Friday, March 16, 2012
Red Meat Consumption Risk
The take home is that a steady intake of red meat and red meat products even more so skews the death rate from CVD and Cancer by 20% and 10% respectively.
On the other hand, intermittent consumption changes the calculation significantly also. The lesson is that if you have to eat these products, do so as an occasional item. Processed meat in particular needs to be avoided.
A big part of the problem of course is the intake of animal fat particularly which is well indicated as a driver of CVD. Thus the success of vegan diets in arresting CVD completely.
A wise practice is simply to not have the stuff around, working on the principle that you will see it often enough in dining out to make up for any desire. I too like to have KFC once in a while which usually means many weeks apart.
I personally think that hamburgers are practically toxic and need to be substituted in any way possible.
On the other hand none of this tests for high quality meats and I suspect that the best solution is to make your hunger for beef or other red meats a very expensive option.
Red Meat Consumption Linked to Increased Risk of Total, Cardiovascular, and Cancer Mortality
ScienceDaily (Mar. 12, 2012) — A new study from Harvard School of Public Health (HSPH) researchers has found that red meat consumption is associated with an increased risk of total, cardiovascular, and cancer mortality. The results also showed that substituting other healthy protein sources, such as fish, poultry, nuts, and legumes, was associated with a lower risk of mortality.
The study will be published online inArchives of Internal Medicine on March 12, 2012.
"Our study adds more evidence to the health risks of eating high amounts of red meat, which has been associated with type 2 diabetes, coronary heart disease, stroke, and certain cancers in other studies," said lead author An Pan, research fellow in the Department of Nutrition at HSPH.
The researchers, including senior author Frank Hu, professor of nutrition and epidemiology at HSPH, and colleagues, prospectively observed 37,698 men from the Health Professionals Follow-up Study for up to 22 years and 83,644 women in the Nurses' Health Study for up to 28 years who were free of cardiovascular disease (CVD) and cancer at baseline. Diets were assessed through questionnaires every four years.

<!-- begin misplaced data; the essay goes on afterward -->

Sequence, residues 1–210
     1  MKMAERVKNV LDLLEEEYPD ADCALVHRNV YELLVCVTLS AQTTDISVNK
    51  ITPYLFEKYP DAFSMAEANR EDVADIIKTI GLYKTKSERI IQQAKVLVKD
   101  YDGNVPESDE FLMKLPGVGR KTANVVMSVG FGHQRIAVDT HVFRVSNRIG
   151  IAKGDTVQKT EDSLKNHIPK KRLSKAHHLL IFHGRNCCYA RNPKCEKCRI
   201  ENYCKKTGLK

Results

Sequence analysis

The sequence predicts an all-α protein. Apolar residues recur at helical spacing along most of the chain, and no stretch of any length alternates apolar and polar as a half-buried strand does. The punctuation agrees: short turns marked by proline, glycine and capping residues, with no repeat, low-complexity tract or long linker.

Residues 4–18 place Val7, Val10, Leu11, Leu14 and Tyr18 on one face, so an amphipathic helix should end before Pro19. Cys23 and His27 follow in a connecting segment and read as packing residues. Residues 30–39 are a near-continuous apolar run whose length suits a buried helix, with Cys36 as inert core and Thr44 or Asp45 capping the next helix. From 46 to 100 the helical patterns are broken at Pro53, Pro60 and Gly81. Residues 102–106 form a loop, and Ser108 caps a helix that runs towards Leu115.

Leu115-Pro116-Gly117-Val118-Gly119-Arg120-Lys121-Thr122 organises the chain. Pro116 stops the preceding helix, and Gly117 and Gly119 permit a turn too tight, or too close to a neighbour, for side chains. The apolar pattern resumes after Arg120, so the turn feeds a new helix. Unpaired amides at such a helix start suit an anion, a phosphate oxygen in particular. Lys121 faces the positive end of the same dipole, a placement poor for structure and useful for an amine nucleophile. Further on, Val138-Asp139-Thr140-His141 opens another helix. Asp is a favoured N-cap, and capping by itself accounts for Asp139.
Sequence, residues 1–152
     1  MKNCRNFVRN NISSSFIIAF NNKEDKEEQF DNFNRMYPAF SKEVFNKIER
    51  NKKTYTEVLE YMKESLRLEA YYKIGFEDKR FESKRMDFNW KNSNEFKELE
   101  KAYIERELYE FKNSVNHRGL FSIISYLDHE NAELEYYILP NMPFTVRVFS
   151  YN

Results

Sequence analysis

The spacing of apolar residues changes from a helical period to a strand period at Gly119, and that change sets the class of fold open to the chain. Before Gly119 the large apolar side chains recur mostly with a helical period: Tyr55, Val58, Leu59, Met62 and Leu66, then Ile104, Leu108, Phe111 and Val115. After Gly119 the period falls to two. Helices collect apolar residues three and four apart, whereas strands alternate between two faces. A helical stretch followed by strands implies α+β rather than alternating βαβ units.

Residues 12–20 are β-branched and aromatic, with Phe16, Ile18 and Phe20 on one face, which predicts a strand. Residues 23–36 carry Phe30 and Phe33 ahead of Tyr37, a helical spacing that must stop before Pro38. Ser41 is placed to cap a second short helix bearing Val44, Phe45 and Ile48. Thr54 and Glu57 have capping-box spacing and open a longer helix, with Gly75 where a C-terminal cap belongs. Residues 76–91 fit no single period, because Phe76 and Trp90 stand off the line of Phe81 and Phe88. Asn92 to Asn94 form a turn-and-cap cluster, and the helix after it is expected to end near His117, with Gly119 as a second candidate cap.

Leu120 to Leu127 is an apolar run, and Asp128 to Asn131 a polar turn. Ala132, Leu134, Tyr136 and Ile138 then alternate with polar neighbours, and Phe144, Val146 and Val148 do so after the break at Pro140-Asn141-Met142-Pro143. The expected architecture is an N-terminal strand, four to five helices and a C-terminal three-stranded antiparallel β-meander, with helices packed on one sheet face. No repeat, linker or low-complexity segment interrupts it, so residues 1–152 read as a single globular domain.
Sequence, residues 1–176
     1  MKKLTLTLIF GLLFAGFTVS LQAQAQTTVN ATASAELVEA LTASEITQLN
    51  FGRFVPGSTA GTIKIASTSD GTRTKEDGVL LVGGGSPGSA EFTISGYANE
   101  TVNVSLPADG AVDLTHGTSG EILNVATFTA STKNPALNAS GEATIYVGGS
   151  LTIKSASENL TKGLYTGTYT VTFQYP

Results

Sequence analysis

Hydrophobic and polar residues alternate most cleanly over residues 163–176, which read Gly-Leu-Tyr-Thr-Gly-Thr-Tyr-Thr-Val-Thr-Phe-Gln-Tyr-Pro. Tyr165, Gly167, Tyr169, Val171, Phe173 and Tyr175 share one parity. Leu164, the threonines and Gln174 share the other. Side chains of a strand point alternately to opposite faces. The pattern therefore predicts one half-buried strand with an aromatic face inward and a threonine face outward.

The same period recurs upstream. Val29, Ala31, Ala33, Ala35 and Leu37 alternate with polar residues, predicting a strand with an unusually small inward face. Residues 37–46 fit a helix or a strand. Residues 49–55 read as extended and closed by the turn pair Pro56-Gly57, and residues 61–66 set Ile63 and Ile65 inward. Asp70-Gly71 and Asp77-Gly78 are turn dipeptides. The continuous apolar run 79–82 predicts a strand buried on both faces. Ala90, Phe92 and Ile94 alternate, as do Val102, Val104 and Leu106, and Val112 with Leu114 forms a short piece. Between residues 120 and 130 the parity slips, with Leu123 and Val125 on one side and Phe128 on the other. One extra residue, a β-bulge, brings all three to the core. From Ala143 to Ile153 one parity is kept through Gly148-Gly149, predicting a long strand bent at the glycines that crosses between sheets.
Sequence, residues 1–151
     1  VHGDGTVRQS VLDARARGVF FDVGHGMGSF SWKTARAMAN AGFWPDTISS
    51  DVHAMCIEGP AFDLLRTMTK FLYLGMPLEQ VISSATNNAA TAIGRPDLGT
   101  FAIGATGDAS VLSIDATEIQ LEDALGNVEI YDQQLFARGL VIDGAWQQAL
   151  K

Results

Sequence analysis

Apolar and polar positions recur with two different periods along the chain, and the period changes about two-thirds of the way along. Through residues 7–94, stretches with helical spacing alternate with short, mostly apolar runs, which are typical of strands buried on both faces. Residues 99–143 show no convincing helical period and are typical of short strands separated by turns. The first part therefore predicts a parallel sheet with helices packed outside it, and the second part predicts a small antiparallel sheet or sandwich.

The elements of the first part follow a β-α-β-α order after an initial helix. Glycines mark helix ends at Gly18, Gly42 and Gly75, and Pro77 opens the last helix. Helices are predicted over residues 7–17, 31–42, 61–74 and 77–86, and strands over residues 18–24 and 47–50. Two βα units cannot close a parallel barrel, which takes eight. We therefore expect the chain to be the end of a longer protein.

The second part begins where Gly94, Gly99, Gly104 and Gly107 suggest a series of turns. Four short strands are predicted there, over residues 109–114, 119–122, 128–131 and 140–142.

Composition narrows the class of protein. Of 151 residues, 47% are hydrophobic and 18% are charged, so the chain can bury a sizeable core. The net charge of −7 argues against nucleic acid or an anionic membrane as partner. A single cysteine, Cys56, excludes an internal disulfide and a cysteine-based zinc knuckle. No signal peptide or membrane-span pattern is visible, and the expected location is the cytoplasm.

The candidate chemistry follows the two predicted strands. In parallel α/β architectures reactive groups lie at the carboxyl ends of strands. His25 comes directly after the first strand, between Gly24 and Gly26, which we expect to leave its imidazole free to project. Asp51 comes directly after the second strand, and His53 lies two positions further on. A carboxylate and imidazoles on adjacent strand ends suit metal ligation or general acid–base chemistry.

A combined 23,926 deaths were documented in the two studies, of which 5,910 were from CVD and 9,464 from cancer. Regular consumption of red meat, particularly processed red meat, was associated with increased mortality risk. One daily serving of unprocessed red meat (about the size of a deck of cards) was associated with a 13% increased risk of mortality, and one daily serving of processed red meat (one hot dog or two slices of bacon) was associated with a 20% increased risk.
Among specific causes, the corresponding increases in risk were 18% and 21% for cardiovascular mortality, and 10% and 16% for cancer mortality. These analyses took into account chronic disease risk factors such as age, body mass index, physical activity, family history of heart disease, or major cancers.
Red meat, especially processed meat, contains ingredients that have been linked to increased risk of chronic diseases, such as cardiovascular disease and cancer. These include heme iron, saturated fat, sodium, nitrites, and certain carcinogens that are formed during cooking.
Replacing one serving of total red meat with one serving of a healthy protein source was associated with a lower mortality risk: 7% for fish, 14% for poultry, 19% for nuts, 10% for legumes, 10% for low-fat dairy products, and 14% for whole grains. The researchers estimated that 9.3% of deaths in men and 7.6% in women could have been prevented at the end of the follow-up if all the participants had consumed less than 0.5 servings per day of red meat.
"This study provides clear evidence that regular consumption of red meat, especially processed meat, contributes substantially to premature death," said Hu. "On the other hand, choosing more healthful sources of protein in place of red meat can confer significant health benefits by reducing chronic disease morbidity and mortality."
Support for the study was provided by the National Heart, Lung, and Blood Institute and the National Cancer Institute.
Other HSPH authors include Qi Sun, Adam Bernstein, JoAnn Manson, Meir Stampfer, and Walter Willett.